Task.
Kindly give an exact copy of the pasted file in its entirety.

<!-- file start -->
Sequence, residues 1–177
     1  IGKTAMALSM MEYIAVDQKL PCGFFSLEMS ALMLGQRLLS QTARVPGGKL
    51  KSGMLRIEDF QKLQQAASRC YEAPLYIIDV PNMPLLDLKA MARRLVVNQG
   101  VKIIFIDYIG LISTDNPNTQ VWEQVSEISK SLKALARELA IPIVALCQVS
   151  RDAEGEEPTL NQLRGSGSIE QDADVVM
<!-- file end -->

Sequence, residues 1–177
     1  IGKTAMALSM MEYIAVDQKL PCGFFSLEMS ALMLGQRLLS QTARVPGGKL
    51  KSGMLRIEDF QKLQQAASRC YEAPLYIIDV PNMPLLDLKA MARRLVVNQG
   101  VKIIFIDYIG LISTDNPNTQ VWEQVSEISK SLKALARELA IPIVALCQVS
   151  RDAEGEEPTL NQLRGSGSIE QDADVVM